Predictors and moderators of aftercare appointment-keeping following brief motivational interviewing among patients with psychiatric disorders or dual diagnosis

Michael V. Pantalon, Mary K. Murphy, Declan T. Barry, Meaghan Lavery, Arthur J. Swanson

Research output: Contribution to journalArticle

5 Scopus citations


Objective: Non-adherence to psychiatric and substance abuse treatment recommendations, especially with regard to aftercare outpatient appointment-keeping following hospitalizations, exacts a high cost on mental health spending and prevents patients from receiving therapeutic doses of treatment. Our primary objective was to evaluate the relationship between potential predictors and moderators of aftercare appointment-keeping among a group of adult patients immediately following hospitalization for severe psychiatric disorders or dual diagnosis. Methods: Candidate predictors and moderator variables included demographics, psychiatric status, psychiatric symptom severity, and inpatient group adherence, while aftercare appointment-keeping was defined as attendance at the first aftercare appointment. Participants were 121 adult inpatients with a psychiatric disorder or dual diagnosis originally enrolled in an earlier randomized controlled trial comparing standard treatment with standard treatment plus brief motivational interviewing for increasing adherence. Results: Results indicated that, across treatment conditions, those who were female, did not have dual diagnosis, were older (older than 33 years), and were less educated (high school) attended their first aftercare appointment at significantly higher rates than their counterparts. A treatment-by-gender interaction was noted, where only men were significantly more likely to keep their first aftercare appointment if they received standard treatment plus brief motivational interviewing, compared to standard treatment alone (OR = 9.58, p < .001). Conclusions: Findings suggest that gender, dual diagnosis status, age and education may be an important predictors of aftercare treatment adherence and that gender may be a moderator of motivational interviewing among individuals with psychiatric disorders or dual diagnosis.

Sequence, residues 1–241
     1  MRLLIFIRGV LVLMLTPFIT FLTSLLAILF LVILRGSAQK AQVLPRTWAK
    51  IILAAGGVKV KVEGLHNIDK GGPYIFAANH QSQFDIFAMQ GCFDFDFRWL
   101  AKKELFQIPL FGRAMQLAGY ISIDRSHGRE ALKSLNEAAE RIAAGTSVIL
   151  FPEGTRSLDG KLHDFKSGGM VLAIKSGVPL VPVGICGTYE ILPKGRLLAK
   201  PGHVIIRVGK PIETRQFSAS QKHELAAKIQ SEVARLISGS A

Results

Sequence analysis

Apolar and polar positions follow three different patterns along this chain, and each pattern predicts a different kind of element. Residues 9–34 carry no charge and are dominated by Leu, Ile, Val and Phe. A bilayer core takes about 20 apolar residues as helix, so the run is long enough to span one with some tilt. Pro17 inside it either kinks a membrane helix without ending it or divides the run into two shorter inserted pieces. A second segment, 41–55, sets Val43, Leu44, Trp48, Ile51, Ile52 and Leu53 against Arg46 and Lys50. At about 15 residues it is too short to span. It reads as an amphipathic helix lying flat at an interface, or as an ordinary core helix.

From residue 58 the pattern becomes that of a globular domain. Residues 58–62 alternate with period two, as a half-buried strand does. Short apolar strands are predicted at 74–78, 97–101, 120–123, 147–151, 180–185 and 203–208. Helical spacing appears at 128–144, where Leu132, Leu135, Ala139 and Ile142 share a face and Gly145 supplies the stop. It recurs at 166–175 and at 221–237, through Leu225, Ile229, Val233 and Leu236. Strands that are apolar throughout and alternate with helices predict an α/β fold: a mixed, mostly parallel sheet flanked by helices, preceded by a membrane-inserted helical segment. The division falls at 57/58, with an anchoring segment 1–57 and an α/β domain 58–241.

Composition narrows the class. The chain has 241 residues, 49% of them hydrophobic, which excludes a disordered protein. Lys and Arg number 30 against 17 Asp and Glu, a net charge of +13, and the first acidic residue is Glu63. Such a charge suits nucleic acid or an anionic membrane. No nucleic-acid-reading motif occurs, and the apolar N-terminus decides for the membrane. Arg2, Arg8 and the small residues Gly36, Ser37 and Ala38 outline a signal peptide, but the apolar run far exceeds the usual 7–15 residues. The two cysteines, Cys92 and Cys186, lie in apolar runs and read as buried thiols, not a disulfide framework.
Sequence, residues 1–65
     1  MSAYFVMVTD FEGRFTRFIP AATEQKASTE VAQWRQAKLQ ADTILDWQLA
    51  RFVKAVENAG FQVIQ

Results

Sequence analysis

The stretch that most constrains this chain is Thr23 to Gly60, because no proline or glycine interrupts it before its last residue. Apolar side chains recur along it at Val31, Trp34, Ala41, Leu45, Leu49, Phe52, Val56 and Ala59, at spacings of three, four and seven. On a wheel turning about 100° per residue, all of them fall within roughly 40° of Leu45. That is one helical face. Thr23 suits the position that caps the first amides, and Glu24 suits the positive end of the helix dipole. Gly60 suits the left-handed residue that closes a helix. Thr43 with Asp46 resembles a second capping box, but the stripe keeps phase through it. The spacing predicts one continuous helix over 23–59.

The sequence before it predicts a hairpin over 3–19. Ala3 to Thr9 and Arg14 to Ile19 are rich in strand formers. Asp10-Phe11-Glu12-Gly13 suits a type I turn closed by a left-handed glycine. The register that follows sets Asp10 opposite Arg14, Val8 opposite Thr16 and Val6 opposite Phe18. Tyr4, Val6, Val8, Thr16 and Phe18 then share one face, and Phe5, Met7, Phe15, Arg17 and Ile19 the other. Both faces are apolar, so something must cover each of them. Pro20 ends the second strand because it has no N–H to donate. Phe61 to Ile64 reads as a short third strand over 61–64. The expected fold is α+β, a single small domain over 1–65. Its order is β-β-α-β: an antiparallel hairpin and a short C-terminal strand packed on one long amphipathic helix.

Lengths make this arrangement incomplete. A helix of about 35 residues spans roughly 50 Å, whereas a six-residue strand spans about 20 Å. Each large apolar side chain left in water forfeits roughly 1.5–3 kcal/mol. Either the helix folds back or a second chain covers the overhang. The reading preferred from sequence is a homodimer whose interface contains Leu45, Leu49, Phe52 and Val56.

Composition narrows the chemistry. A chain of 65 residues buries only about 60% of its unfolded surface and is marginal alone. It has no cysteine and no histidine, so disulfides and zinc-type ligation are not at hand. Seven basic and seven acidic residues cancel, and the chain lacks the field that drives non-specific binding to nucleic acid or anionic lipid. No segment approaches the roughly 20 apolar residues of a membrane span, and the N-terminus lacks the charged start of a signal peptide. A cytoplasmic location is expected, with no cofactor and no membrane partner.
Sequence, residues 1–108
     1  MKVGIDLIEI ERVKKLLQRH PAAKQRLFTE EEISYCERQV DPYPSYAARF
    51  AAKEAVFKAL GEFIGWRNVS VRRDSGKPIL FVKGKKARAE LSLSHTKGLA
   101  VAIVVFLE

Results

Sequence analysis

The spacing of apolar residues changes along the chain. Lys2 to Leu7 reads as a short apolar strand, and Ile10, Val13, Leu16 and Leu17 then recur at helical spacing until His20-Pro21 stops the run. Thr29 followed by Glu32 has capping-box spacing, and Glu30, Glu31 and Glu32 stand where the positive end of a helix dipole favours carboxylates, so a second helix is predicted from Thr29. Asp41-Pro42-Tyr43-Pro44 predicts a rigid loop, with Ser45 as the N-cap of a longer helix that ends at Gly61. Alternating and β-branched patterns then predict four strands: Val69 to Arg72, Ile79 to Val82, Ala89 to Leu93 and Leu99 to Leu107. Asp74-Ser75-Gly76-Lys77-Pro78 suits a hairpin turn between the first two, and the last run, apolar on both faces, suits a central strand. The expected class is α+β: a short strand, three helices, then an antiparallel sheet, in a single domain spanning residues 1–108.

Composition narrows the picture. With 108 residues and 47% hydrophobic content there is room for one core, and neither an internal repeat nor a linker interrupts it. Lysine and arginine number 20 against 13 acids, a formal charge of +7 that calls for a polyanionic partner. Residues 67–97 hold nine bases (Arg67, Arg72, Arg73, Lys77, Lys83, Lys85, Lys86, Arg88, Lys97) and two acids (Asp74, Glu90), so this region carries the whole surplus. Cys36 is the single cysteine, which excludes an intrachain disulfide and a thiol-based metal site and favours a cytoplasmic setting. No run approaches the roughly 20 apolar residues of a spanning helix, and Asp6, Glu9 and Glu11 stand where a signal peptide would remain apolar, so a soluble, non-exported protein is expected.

Original languageEnglish (US)
Pages (from-to)44-51
Number of pages8
JournalJournal of Dual Diagnosis
Issue number1
Publication statusPublished - 2014



  • Adherence-enhancement intervention
  • Gender differences
  • Motivational interviewing
  • Treatment adherence

ASJC Scopus subject areas

  • Psychiatry and Mental health

Cite this